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Dozens, Mostly Children, Got Sick After Visiting Infected Splash Park In Kansas Last Summer, CDC Concludes
A new Centers for Disease Control and Prevention study says dozens of people got sick after visiting a splash park in Kansas, in June 2021. The place, a very popular summer destination for residents, is home to a zoo of animal exhibits as well as the Tanganyika Falls Splash Park. It attracts tens of thousands of visitors each year.
As CNBC reported, the study conducted by the CDC said that 21 people contracted Shigella bacteria and six others became sick with the norovirus after visiting the splash park at Tanganyika Wildlife Park in Goddard. Another 36 people reported gastrointestinal illnesses after visiting the splash park but did not have lab tests confirming what caused their illnesses. At least four people were hospitalized afterward.
State and local health officials had said that eight people who visited the park contracted Shigella and other people tested positive for the norovirus, sapovirus, and a type of E. coli called enteropathogenic E. coli.
Most of those affected were children. The splash pad was intended for use by children under age five.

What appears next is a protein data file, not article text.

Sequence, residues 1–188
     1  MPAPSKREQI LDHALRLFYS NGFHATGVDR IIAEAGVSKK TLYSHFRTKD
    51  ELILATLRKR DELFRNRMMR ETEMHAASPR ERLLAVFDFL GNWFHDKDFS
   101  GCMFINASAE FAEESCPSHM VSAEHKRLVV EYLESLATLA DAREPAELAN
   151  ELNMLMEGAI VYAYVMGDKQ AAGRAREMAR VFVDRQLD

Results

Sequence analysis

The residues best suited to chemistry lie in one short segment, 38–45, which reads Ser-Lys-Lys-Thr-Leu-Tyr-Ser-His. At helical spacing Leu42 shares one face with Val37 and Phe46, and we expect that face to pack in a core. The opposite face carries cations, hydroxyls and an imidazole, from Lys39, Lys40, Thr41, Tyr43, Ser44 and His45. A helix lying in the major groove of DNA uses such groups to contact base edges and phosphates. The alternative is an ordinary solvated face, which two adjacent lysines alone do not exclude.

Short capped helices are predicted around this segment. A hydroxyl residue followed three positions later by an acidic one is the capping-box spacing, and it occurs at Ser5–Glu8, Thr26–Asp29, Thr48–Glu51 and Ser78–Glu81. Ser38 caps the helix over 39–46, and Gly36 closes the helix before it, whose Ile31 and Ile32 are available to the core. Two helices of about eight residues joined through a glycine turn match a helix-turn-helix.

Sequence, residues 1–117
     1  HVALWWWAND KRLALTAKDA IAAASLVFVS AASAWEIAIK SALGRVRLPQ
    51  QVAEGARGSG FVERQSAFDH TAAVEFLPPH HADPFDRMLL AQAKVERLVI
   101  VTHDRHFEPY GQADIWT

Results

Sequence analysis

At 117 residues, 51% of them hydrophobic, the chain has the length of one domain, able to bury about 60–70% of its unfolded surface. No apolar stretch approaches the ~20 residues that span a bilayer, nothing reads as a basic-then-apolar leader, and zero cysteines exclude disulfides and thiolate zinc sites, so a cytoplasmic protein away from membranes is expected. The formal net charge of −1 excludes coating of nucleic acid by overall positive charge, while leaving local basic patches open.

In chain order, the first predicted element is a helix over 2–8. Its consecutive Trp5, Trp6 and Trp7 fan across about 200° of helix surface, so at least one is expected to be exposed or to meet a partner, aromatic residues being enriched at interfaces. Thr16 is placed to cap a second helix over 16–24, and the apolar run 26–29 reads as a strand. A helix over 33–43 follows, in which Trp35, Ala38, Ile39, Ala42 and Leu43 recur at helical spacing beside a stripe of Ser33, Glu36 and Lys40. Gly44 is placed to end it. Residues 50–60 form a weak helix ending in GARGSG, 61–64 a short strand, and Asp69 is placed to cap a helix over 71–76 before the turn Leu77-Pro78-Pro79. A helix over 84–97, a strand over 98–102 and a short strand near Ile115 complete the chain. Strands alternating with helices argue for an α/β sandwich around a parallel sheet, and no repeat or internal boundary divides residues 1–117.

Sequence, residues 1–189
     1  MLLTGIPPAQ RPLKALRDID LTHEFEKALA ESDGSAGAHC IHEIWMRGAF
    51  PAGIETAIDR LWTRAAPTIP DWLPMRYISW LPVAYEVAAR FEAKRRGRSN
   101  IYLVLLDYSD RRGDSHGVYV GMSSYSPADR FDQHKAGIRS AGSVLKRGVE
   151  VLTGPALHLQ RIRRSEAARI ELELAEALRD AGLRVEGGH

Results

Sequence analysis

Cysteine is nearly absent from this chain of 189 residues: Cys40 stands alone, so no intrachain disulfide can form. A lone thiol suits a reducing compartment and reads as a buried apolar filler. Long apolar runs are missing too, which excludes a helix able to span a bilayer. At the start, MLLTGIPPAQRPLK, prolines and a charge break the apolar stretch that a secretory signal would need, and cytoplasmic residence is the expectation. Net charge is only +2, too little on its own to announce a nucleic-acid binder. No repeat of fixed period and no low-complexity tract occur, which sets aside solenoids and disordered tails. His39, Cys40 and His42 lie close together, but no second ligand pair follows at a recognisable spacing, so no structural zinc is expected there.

The CDC report is based on a survey of 404 people who visited the splash park in Kansas last year between May 28 and June 19.
After the incident, the park was forced to close. Visitors have also filed lawsuits against the park over the outbreak. The Tanganyika park reopened in July 2021 (one month after the health incident) after implementing new safety codes.
Shigella, Norovirus, and Sapovirus
According to CDC, an estimated 450,000 cases of shigellosis occur in the United States every year, making it the third most common bacterial enteric disease. Shigella germs are present in the stools of infected people. Transmission of Shigella occurs when people put something in their mouths or swallow something that has come into contact with the stool of someone infected with Shigella.
As for norovirus and sapovirus, the CDC says people can get them by accidentally getting tiny particles of feces or vomit from an infected person in their mouth through recreational or drinking water. It can spread by having direct contact with someone who is infected with the virus, such as by caring for them or sharing food or eating utensils with them.